10 Quarterbacks Who Are Lucky To Be Starters in the NFL
Super Bowl XLIV may have been the greatest celebration of quarterback play in the history of the NFL.
Drew Brees and Peyton Manning were asked to sling the pigskin around 84 times. They completed 62 passes, which equates to a mind-numbing 73.8 completion percentage.
They threw for a combined 614 yards, three touchdowns, and one lousy pick.
I’m not a big fan of either quarterback, but I had to step back, tip my cap, and acknowledge that I witnessed greatness.
Too bad that could not be said for the rest of the slop that comprises the quarterbacks in the NFL.
There were at least a dozen times I saw stat lines from games that made me wonder how certain quarterbacks had a job in this league, let alone how they were starters.
The worst effort of the season may have actually come in a win.
Way back on October 11, 2009 Derek Anderson threw 17 passes and completed two in a 6-3 win against the Buffalo Bills.
That’s right, Anderson completed one pass, summoned the courage to do it again, and then stopped.
Those two bombs racked up 22 yards.
Oh and did I mention he threw a pick as well?
By the end of the day he had a quarterback rating of 15.1.
Somehow Anderson out-dueled Trent Edwards who threw for 152 yards on 16 of 31 passing and one pick.
The game eventually led to a friend creating the Derek Anderson Award, which honored the worst performance by a quarterback during the week that was in the NFL.
Here is a look at the week Jay Cutler won the award: http://3putt.wordpress.com/2009/11/13/flyers-cant-outscore-cutler-picks/ (The caption is classic).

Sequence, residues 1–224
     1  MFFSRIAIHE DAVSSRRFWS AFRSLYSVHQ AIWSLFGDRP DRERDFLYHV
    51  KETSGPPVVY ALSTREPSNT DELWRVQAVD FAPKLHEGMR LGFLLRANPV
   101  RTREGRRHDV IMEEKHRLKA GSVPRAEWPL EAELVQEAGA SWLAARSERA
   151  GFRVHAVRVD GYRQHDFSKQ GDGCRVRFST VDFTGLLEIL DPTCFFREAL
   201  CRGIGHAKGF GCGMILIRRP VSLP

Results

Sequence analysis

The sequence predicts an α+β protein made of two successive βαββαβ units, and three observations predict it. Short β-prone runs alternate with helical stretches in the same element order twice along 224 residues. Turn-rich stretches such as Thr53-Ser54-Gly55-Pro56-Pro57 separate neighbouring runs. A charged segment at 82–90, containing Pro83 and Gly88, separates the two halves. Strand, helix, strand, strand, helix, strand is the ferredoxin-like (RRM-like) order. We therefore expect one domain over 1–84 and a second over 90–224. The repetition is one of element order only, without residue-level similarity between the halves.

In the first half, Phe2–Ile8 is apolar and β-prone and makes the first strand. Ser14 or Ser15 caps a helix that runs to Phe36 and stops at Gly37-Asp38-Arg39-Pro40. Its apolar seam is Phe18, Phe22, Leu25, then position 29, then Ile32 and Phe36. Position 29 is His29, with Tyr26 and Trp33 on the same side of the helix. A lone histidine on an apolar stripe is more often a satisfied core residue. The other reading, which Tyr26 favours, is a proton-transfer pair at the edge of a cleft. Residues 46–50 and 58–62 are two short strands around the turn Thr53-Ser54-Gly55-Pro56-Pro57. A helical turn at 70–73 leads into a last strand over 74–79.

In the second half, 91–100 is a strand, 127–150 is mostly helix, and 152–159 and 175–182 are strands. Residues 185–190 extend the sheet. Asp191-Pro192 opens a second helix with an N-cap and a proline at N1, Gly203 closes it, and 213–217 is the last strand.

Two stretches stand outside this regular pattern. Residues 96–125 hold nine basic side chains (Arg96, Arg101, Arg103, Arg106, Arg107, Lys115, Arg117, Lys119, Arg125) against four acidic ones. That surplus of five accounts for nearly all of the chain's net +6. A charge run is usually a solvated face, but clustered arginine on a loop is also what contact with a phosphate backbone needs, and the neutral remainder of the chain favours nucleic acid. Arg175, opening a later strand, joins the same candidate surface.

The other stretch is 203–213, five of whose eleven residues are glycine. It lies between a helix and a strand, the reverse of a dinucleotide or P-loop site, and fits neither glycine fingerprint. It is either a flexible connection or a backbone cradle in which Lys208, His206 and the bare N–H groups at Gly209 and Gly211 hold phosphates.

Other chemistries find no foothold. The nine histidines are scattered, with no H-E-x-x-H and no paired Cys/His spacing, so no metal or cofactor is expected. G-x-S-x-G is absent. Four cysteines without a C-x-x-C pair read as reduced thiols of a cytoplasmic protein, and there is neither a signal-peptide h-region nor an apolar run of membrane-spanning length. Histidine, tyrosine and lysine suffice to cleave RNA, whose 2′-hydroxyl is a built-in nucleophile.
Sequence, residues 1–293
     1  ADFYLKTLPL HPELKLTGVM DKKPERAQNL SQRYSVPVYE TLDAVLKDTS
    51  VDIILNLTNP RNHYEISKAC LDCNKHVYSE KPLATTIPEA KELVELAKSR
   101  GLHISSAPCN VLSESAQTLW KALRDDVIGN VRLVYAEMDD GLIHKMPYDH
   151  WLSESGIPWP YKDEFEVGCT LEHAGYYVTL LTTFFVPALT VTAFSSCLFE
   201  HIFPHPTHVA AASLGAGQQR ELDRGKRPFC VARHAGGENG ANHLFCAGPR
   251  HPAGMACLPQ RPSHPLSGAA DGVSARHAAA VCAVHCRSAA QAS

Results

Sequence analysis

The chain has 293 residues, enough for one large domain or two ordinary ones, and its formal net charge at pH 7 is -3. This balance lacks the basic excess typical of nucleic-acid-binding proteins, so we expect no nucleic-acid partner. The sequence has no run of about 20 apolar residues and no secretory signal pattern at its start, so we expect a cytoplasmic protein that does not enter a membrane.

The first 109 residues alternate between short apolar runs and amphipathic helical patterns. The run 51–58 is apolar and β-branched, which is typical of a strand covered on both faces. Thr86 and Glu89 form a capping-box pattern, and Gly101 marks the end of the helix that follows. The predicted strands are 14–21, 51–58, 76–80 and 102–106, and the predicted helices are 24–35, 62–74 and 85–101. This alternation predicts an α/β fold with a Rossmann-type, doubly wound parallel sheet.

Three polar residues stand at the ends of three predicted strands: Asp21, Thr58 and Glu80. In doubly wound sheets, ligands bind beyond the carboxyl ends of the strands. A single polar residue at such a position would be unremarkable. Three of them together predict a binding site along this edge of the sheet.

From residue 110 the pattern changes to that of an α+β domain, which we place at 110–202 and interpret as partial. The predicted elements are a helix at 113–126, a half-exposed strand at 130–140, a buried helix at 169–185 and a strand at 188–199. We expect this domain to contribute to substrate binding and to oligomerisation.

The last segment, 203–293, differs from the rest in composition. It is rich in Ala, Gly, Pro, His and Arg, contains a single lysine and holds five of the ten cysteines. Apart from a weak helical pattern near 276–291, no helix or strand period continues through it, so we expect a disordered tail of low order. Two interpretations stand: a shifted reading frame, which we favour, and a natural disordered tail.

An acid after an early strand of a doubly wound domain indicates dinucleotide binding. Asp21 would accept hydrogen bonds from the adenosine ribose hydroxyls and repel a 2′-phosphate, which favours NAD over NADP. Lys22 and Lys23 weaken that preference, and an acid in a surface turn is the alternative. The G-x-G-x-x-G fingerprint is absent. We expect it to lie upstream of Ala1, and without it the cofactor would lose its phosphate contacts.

So all of this got me thinking, who are the 10 quarterbacks that are either currently named the starter or who have the inside track to be the starter next year that have absolutely no business taking on that role.
Some of these guys will lose their jobs in training camp, others will simply delay the inevitability, yet others will prove me wrong and rise to great heights in 2011.
As a note, when I say a player has “the inside” track to being the starter, I am basing that on the current depth charts provided by our good friends over at cbssports.com.
They have a fantasy football section that lists depth charts by position, so bark at them if you don’t like it.
No.10: Sam Bradford
Sam Bradford has no business being a starting quarterback in the league at this moment, and he probably has no business carrying such a title until half way through the season.
Look, I like Sammy boy, but when you only threw 69 passes last year in college and only finished one game thanks to a shoulder injury, I think it would be wise to have some serious doubt about this kid right out of the gate.
Fortunately for Bradford, and unfortunately for the Rams, AJ Feeley is the backup, so that pretty much sums up why you should expect Bradford to get the nod, even though he does not deserve it right now.
No.9: Matt Leinart
Matt, do you really need that eye black while sitting on the bench?
Talk about a guy who is likely to fall ass-backwards into a starting position this year.
Matt Leinart has been nothing short of a bust since being drafted with the 10th overall pick by the Arizona Cardinals in the 2006 draft.